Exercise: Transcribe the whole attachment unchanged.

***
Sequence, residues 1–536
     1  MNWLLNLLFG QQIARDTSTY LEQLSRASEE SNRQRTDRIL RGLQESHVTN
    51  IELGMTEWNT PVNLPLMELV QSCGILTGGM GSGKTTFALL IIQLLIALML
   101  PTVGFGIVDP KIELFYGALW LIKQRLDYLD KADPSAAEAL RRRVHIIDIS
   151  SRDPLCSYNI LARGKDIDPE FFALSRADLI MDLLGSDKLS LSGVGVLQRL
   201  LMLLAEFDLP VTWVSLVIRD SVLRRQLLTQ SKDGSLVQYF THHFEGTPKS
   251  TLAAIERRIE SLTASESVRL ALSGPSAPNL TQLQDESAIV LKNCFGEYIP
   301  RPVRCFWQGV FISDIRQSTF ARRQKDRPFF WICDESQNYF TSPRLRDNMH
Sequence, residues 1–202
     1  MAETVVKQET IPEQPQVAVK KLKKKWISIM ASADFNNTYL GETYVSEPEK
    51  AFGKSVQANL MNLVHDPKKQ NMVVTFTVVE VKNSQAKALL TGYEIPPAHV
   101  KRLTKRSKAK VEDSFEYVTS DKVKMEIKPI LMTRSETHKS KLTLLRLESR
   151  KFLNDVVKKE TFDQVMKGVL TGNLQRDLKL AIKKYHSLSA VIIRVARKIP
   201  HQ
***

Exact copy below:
Sequence, residues 1–536
     1  MNWLLNLLFG QQIARDTSTY LEQLSRASEE SNRQRTDRIL RGLQESHVTN
    51  IELGMTEWNT PVNLPLMELV QSCGILTGGM GSGKTTFALL IIQLLIALML
   101  PTVGFGIVDP KIELFYGALW LIKQRLDYLD KADPSAAEAL RRRVHIIDIS
   151  SRDPLCSYNI LARGKDIDPE FFALSRADLI MDLLGSDKLS LSGVGVLQRL
   201  LMLLAEFDLP VTWVSLVIRD SVLRRQLLTQ SKDGSLVQYF THHFEGTPKS
   251  TLAAIERRIE SLTASESVRL ALSGPSAPNL TQLQDESAIV LKNCFGEYIP
   301  RPVRCFWQGV FISDIRQSTF ARRQKDRPFF WICDESQNYF TSPRLRDNMH
Sequence, residues 1–202
     1  MAETVVKQET IPEQPQVAVK KLKKKWISIM ASADFNNTYL GETYVSEPEK
    51  AFGKSVQANL MNLVHDPKKQ NMVVTFTVVE VKNSQAKALL TGYEIPPAHV
   101  KRLTKRSKAK VEDSFEYVTS DKVKMEIKPI LMTRSETHKS KLTLLRLESR
   151  KFLNDVVKKE TFDQVMKGVL TGNLQRDLKL AIKKYHSLSA VIIRVARKIP
   201  HQ